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Senator wants more bus money

Sen. Joe Gimse, R-Willmar, announces a plan to take $100 million from transit funds, mostly in the Twin Cities area, and spend on school bus programs. With him at the Monday event was Superintendent John Haas of Holdingford schools. Staff photo by Scott Wente

ST. PAUL - Sen. Joe Gimse announced a plan to take $95 million from Twin Cities transit funds, and another $5 million from rural funds, to increase spending on school bus programs statewide.

It is a plan that Democrats in control of the Minnesota Legislature say they will not consider.

"It would ensure students get to school and back safely," Gimse, a Willmar Republican, said Monday about his plan.

But taking money from the Metropolitan Council, which runs Twin Cities buses, is not sitting well with Democrats.

"The bad news is that once again, were seeing them rob Peter to pay Paul -- and on the very same day that we hear from the Met Council that the economic downturn has significantly reduced the pool of money they use to operate metro buses," House Education Finance Chairwoman Mindy Greiling, DFL-Roseville, said.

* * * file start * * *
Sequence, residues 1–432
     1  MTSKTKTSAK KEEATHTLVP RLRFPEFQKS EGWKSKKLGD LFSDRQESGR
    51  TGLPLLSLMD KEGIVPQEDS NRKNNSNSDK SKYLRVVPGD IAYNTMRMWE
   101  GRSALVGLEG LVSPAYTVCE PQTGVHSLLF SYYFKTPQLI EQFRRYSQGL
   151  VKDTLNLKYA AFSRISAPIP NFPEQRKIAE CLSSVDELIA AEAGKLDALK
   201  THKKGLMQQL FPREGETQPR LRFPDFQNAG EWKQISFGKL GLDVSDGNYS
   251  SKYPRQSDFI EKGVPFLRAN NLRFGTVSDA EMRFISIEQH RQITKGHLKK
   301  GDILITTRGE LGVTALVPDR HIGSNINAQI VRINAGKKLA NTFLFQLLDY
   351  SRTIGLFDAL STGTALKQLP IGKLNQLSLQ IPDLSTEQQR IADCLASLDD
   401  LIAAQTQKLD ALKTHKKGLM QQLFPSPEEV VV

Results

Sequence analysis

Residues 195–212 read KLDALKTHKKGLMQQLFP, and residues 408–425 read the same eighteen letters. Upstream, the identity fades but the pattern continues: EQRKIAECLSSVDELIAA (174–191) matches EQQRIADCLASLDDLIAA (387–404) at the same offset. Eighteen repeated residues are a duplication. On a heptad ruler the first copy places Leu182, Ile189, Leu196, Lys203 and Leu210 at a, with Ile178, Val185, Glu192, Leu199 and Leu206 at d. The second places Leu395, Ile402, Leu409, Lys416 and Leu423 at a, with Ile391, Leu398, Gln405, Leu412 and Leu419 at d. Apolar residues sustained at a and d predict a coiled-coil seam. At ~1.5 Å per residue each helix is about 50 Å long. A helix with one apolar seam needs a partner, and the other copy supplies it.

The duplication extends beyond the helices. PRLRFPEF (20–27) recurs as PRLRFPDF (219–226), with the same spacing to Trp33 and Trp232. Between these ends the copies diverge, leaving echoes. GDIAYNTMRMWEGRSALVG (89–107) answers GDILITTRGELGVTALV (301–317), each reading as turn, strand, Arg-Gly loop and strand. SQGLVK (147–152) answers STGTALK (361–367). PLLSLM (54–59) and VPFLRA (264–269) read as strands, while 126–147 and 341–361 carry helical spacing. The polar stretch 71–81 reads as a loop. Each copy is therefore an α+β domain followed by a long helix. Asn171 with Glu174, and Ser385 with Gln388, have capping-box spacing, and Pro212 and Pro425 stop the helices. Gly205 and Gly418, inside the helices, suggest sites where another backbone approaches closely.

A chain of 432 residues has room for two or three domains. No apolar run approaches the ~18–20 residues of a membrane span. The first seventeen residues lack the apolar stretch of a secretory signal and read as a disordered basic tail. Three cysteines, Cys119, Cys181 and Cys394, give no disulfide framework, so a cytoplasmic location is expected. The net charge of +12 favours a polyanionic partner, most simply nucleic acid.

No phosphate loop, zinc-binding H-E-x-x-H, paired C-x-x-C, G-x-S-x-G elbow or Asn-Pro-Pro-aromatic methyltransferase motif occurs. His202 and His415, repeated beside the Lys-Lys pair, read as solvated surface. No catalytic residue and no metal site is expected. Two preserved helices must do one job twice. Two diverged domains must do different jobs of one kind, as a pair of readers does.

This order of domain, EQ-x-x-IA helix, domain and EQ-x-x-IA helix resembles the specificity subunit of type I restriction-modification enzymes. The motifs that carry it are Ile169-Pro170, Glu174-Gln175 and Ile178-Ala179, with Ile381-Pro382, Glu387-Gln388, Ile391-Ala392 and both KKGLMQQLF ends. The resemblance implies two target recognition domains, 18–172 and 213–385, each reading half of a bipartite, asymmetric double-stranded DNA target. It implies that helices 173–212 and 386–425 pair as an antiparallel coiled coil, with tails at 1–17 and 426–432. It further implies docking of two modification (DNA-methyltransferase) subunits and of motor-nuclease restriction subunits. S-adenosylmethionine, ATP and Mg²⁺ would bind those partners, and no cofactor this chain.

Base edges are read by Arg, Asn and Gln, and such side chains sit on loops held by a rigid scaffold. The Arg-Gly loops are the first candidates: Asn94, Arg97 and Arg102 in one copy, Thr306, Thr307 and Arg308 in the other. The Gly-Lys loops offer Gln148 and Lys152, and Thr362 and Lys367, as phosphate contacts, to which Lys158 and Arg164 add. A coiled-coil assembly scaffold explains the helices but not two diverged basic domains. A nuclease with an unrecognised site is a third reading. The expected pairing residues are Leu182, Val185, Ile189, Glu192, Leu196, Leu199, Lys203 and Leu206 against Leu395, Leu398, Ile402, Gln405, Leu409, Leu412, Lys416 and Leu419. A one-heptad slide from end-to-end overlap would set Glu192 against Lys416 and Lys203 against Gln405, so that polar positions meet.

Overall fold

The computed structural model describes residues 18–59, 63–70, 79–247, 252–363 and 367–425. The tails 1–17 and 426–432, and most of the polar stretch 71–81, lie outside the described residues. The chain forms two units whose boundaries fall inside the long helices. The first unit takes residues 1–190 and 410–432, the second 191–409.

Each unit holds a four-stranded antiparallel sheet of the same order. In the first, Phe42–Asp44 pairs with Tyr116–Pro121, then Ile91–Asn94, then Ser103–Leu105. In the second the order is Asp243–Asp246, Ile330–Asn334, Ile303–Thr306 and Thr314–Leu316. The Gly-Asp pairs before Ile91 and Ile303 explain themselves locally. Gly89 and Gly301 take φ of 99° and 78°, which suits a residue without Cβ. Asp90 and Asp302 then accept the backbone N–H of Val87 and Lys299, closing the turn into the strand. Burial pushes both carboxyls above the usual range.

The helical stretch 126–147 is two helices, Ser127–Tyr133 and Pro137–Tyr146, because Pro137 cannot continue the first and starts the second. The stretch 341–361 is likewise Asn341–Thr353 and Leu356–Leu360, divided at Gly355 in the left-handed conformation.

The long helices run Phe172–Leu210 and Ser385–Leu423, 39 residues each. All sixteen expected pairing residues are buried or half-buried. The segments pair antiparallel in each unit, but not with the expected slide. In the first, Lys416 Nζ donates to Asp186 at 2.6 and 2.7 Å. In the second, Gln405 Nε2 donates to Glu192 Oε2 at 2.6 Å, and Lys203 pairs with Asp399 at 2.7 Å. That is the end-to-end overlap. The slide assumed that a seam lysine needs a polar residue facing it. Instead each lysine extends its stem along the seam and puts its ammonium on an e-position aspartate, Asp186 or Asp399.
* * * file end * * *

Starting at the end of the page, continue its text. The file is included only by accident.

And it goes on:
Sen. Scott Dibble, DFL-Minneapolis, said he would not give the bill a hearing in his transit committee.

Gimse said his proposal would give his schools in Willmar an extra $530,875 for buses and Tracy, in southwestern Minnesota, $106,038. St. Paul schools would receive nearly $5 million more in the next two-year budget.

The first-term senator said 240,000 people board Twin Cities buses each day, while nearly 1.5 million students use school buses on a typical day. He said those figures prove that "we should shift our priorities."

Holdingford schools superintendent John Haas said the bill would allow his district to replace aging buses, which cost up to $85,000 each.

Schools need more bus money, Gimse said. "They are cutting back routes and making children walk further distances."

The proposal would pay school districts $137 over the next two years for every pupil who rides a bus.

Don Davis
Don Davis has been the Forum Communications Minnesota Capitol Bureau chief since 2001, covering state government and politics for two dozen newspapers in the state. Don also blogs at Capital Chatter on Areavoices.